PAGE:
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LINGUIST List 18.506

Wed Feb 14 2007

Qs: Morphosyntactic Features

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        1.    Anna Kibort, Morphosyntactic Features


Message 1: Morphosyntactic Features
Date: 13-Feb-2007
From: Anna Kibort <a.kibortsurrey.ac.uk>
Subject: Morphosyntactic Features


Dear Colleagues,

As part of a project investigating grammatical features, funded by the
ESRC, Greville Corbett and I are compiling an inventory of morphosyntactic
features found in the world's languages. We are at a stage where we would
like to consult you about any possible morphosyntactic features that we may
have omitted.

Following Zwicky (1985), our terms 'feature' and 'value' correspond to
Matthews's (1972/1991) terms 'category' and 'property/feature',
respectively. By 'morphosyntactic feature' we mean a feature which in a
given language is involved in either agreement or government. Thus, while
in many familiar languages the feature 'tense' encodes regular semantic
distinctions, it is not required by the syntax through the mechanisms of
either agreement or government. Therefore, many familiar instances of the
feature 'tense' are *morphosemantic*, but not *morphosyntactic* (Stump
2005): syntax is not sensitive to the tense value of the verb. However,
tense can be a morphosyntactic feature, as in Kayardild, where elements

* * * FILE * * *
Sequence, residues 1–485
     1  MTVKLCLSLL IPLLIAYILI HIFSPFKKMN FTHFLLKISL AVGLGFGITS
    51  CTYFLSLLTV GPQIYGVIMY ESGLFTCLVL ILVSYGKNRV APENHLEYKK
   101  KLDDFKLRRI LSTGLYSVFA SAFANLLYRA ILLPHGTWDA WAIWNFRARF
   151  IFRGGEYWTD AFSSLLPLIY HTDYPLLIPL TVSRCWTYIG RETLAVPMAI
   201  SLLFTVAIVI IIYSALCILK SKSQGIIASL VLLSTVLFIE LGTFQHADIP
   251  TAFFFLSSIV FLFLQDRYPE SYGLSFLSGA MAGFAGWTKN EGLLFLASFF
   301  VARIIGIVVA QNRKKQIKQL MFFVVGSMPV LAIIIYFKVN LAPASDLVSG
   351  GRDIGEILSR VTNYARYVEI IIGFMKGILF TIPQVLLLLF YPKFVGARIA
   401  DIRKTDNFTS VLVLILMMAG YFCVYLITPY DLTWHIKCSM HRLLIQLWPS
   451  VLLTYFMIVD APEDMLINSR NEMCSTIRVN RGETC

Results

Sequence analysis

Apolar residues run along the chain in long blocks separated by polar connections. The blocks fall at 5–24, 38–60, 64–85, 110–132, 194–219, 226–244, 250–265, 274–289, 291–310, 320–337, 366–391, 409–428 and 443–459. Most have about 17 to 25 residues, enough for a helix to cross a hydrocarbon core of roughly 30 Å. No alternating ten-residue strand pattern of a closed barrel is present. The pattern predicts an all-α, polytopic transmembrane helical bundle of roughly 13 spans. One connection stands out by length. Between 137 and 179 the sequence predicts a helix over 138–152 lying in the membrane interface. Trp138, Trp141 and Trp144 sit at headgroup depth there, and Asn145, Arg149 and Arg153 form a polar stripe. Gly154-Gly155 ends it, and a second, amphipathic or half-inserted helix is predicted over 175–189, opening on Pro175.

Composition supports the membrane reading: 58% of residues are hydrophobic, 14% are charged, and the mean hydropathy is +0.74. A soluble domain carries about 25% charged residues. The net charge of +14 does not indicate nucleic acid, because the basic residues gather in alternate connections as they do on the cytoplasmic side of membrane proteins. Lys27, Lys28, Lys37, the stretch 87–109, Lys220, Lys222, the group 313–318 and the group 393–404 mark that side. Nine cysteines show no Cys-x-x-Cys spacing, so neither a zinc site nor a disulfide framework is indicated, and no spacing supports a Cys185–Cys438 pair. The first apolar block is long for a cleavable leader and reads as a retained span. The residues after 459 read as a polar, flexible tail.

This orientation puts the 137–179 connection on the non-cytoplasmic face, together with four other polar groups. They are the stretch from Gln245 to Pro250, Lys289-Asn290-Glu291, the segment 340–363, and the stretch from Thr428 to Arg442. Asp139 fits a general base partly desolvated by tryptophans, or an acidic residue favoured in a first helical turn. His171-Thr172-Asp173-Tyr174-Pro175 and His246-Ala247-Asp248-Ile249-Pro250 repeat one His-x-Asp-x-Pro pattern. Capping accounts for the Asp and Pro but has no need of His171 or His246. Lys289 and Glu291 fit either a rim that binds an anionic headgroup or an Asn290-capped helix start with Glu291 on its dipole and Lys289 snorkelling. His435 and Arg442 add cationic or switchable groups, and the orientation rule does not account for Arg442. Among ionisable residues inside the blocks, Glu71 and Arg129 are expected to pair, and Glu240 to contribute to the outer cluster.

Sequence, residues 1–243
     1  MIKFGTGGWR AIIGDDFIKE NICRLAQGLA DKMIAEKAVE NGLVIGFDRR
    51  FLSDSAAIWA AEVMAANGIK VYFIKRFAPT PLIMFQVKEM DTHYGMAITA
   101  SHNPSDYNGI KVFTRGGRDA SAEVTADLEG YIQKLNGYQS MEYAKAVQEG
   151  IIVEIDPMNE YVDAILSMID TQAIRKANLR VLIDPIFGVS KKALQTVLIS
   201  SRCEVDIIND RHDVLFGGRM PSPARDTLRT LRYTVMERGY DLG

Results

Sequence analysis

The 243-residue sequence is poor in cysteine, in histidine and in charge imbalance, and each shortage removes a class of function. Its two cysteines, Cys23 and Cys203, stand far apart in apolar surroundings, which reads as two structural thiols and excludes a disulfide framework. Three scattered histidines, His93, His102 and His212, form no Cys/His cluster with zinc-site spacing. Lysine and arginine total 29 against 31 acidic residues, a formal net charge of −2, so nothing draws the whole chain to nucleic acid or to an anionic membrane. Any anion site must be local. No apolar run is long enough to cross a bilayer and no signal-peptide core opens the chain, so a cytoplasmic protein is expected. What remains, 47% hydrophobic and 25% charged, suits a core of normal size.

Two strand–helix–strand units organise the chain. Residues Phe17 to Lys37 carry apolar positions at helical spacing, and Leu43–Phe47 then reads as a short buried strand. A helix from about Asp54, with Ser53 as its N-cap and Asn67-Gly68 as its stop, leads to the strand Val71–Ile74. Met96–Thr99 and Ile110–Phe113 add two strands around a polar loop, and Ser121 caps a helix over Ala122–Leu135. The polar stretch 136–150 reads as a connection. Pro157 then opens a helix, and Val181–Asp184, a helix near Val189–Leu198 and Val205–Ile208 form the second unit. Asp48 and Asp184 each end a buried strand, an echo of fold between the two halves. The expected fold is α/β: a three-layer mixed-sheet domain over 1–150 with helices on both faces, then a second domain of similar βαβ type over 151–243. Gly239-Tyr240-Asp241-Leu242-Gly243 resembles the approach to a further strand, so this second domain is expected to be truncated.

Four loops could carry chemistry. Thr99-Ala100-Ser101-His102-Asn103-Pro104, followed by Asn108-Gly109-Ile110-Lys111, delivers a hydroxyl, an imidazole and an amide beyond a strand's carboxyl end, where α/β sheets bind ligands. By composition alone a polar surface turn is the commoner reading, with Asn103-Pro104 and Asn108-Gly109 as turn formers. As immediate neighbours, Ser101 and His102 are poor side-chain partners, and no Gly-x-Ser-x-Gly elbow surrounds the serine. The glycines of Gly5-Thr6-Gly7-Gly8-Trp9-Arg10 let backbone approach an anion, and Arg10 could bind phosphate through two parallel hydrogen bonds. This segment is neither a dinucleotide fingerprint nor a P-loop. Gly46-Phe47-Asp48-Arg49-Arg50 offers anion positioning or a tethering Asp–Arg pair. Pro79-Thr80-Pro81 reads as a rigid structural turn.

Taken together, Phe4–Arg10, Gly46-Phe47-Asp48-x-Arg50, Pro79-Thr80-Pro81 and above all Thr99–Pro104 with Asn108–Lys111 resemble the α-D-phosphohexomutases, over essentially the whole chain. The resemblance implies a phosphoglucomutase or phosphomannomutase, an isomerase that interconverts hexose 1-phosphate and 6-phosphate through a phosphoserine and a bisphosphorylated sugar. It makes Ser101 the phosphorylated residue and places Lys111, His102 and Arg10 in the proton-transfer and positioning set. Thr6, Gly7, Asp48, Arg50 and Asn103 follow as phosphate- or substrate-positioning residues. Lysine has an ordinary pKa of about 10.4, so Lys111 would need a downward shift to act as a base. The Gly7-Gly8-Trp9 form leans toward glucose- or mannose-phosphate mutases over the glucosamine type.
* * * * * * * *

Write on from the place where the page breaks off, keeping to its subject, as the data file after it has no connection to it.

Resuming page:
marked with verbalizing case show agreement in tense (Evans 2003).

Below we list features which we have found to be morphosyntactic, and
others which we think are not morphosyntactic, or those whose status we
have not yet determined with certainty. Please let us know if you know of:
(1) instances where a feature we consider uncertain *is* morphosyntactic in
some language; (2) a morphosyntactic feature that we have not taken into
consideration at all. Your help will be greatly appreciated and the
results of our research will be shared with the linguistic community
through a website which we are currently constructing.

We have found that the following features are, or can be, MORPHOSYNTACTIC:
-- gender
-- number
-- person
-- case
-- definiteness
-- respect
-- tense
-- aspect
-- mood
-- polarity

We have NOT found instances of the following features as MORPHOSYNTACTIC:
-- associativity (we have only found it as morphosemantic)
-- inflectional class (it is purely morphological)
-- screeve (we have only found it as morphosemantic)

And the following features, under consideration, are of UNCERTAIN status to us:
-- transitivity
-- evidentiality
-- diathesis and voice
-- topic
-- focus
-- question-word dependency
-- (verbal) series (as in Caucasian linguistics; or other paradigmatic
tense/aspect sets)
-- collectivity
-- verbal features such as: continuality, inferentiality, dependence, version

With best regards,

Anna Kibort

Linguistic Field(s): Language Description
                            Morphology
                            Syntax
                            Typology

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